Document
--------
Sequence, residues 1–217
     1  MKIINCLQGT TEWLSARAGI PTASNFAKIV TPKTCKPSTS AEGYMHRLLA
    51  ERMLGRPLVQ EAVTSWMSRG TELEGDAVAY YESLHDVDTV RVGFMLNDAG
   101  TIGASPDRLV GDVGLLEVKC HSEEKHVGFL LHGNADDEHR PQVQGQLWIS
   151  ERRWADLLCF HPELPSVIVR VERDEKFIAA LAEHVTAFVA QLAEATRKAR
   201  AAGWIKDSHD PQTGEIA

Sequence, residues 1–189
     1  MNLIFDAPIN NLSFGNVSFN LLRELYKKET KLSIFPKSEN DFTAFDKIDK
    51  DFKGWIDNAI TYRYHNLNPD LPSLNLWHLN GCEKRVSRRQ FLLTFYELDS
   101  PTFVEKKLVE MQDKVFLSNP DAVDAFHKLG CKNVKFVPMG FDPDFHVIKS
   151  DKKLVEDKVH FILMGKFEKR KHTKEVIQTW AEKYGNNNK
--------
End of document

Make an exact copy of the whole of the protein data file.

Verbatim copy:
Sequence, residues 1–217
     1  MKIINCLQGT TEWLSARAGI PTASNFAKIV TPKTCKPSTS AEGYMHRLLA
    51  ERMLGRPLVQ EAVTSWMSRG TELEGDAVAY YESLHDVDTV RVGFMLNDAG
   101  TIGASPDRLV GDVGLLEVKC HSEEKHVGFL LHGNADDEHR PQVQGQLWIS
   151  ERRWADLLCF HPELPSVIVR VERDEKFIAA LAEHVTAFVA QLAEATRKAR
   201  AAGWIKDSHD PQTGEIA

Sequence, residues 1–189
     1  MNLIFDAPIN NLSFGNVSFN LLRELYKKET KLSIFPKSEN DFTAFDKIDK
    51  DFKGWIDNAI TYRYHNLNPD LPSLNLWHLN GCEKRVSRRQ FLLTFYELDS
   101  PTFVEKKLVE MQDKVFLSNP DAVDAFHKLG CKNVKFVPMG FDPDFHVIKS
   151  DKKLVEDKVH FILMGKFEKR KHTKEVIQTW AEKYGNNNK